It's a 'well known fact' that it is very hard to measure knowledge worker productivity. This I found out when I was asked how the productivity of people in staff roles who were teleworking should be measured. By staff roles I mean functional jobs that do not have readily available quantitative outputs attached to them. An internal consultant is an example – how is his/her productivity measured?
This question has come into focus as we grapple with extending teleworking. One of the resistances to it is that managers fear they won't be able to tell whether an 'invisible' worker i.e. one not physically present in front of their eyes, is being productive. The teleworker feels that he/she cannot prove value add productivity if the work involves, say researching for an article, or planning a strategy.
Peter Drucker, in 1999, wrote that
Increasingly, the ability of organizations – and not only of businesses – to survive will come to depend on their "comparative advantage" in making the knowledge worker more productive.
More than ten years later there is little movement in the research or application field of how to measure productivity. Some people have put forward ideas.
One of the frequently cited articles is by Yuri Ramirez and David Nembhard "Measuring Knowledge Worker Productivity: A Taxonomy", published in 2004 in The Journal of Intellectual Capital (Vol 5, Issue 4). These researcher cover the field to that point and do a good job of presenting the methods people have tried using and the benefits and pitfalls of each. They conclude their paper saying
… overall, there is agreement that no generalized methods exist to measure knowledge worker productivity efficiently, partly because knowledge work is intangible and difficult to categorize in sub-groups. We note that there is a general belief that knowledge workers should be included in the efforts of deciding how to measure their productivity.
However, in one article by Riikka Antikainen & Antti Lonnqvist, of the Institute of Industrial Management Tampere University of Technology a knowledge worker productivity measurement instrument is offered. The authors say about this:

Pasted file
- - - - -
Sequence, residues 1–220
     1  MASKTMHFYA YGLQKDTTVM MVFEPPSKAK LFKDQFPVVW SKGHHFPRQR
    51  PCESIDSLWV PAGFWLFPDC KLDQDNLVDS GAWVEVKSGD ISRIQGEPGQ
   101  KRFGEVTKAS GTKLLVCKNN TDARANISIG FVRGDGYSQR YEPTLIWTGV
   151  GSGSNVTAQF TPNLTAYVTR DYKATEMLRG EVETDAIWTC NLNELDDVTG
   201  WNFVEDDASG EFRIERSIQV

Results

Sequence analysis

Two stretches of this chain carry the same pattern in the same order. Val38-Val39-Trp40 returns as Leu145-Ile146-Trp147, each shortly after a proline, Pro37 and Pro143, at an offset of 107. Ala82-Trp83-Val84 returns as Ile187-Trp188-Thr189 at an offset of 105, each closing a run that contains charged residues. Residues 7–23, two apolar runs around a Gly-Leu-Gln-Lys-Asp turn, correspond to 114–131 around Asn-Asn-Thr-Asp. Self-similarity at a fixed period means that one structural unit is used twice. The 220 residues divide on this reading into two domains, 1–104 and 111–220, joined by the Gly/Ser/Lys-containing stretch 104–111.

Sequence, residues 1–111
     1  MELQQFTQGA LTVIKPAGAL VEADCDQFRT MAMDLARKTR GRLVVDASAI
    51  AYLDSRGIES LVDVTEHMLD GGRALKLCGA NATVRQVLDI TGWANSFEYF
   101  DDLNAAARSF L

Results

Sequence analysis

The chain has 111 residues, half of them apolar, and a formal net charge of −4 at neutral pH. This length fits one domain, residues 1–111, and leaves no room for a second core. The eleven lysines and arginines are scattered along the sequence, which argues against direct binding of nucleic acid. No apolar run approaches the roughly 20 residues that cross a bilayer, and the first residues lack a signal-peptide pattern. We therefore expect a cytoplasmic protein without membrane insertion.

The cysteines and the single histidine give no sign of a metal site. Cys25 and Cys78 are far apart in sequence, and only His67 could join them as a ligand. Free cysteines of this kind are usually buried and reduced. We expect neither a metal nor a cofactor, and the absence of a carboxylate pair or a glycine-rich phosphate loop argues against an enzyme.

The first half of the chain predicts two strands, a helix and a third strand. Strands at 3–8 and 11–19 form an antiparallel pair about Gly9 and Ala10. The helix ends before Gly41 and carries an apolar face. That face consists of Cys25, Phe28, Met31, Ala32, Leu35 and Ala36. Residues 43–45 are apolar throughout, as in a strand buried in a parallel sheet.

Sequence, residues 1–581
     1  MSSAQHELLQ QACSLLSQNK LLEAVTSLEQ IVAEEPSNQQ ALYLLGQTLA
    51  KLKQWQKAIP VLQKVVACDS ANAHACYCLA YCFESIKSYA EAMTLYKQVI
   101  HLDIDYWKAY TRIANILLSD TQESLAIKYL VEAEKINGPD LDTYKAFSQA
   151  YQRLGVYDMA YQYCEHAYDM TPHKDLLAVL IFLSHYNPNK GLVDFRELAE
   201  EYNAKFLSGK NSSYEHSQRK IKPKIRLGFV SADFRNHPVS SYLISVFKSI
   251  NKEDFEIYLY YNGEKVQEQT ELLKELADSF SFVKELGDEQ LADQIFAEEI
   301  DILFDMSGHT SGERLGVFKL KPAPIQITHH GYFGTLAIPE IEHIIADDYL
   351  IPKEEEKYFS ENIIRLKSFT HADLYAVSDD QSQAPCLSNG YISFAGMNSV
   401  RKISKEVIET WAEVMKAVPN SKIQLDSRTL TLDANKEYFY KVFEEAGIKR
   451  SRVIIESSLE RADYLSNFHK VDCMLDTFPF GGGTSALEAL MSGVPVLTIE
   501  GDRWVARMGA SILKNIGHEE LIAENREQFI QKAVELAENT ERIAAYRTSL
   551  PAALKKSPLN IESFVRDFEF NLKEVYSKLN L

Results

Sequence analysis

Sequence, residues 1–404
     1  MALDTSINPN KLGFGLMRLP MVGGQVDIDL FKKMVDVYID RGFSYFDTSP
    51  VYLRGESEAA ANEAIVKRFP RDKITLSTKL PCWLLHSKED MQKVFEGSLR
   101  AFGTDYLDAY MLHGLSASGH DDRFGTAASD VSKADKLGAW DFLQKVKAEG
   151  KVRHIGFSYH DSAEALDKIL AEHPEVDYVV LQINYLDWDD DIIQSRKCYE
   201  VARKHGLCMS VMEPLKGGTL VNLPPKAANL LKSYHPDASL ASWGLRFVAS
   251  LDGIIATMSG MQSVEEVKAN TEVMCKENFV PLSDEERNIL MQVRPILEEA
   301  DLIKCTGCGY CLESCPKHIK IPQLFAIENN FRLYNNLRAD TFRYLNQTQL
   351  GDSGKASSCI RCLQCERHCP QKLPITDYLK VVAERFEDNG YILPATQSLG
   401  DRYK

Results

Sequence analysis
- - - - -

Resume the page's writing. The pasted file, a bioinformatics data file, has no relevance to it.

It is especially designed for measuring productivity in knowledge-intensive organisations. KWPA can be used to identify possible problems in factors of productivity as well as targets for development. It consists of a combination of a questionnaire and several employee interviews. The results of the questionnaire provide an overall description of various factors related to productivity while the interviews provide more in-depth information of specific issues.
The approach is a subjective one which is discussed as follows:
The fact that KWPA is based on subjective data can be seen both as a weakness and a benefit. The reliability of subjective data can be dubious, since they are exposed to false answers and respondents' biases. On the other hand, the fact that knowledge workers tend to care more about how they perceive their work than about the reality observed by someone else, speaks up for the subjective measurement. There practically is no other way to collect information about employees' conceptions of their productivity and the factors affecting it. This has also been the opinion of those organisations that have participated in the research.
Confronting the issue of knowledge worker productivity head on – by acknowledging that any measurement will be subjective seems like the best way to go. I think how my client group will address it will be by asking the knowledge workers as a workgroup how they would measure their productivity. Drucker suggests starting with a clear understanding of the task and proceeding from that point. The survey and interview of Antikainen and Lonnqvist starts from the premise that the knowledge worker is clear on what his/her task is.
Three case studies are outlined in this paper but one issue with it is that it is undated. I have emailed the authors to see if there is any further information they have collected since the article was written (I'm guessing it was about 2005 or 2006 as they have cited works published in 2005). Meanwhile I will continue working on the knotty problem of how to satisfy managers that the productivity of knowledge workers is measurable. Any help on this would be welcomed.
NOTE: After I posted this I received a reply to my email from Antti Lonnqvist, saying, "The paper has been published in a conference: Antikainen, R. & Lonnqvist, A. 2005. Knowledge Worker Productivity Assessment. 3rd Conference on Performance Measurement and Management, Nice, France, September 2005. Other publications by myself and my colleagues can be found at http://www.tut.fi/pmteam/en ==>“ Publications." Thank you Antti.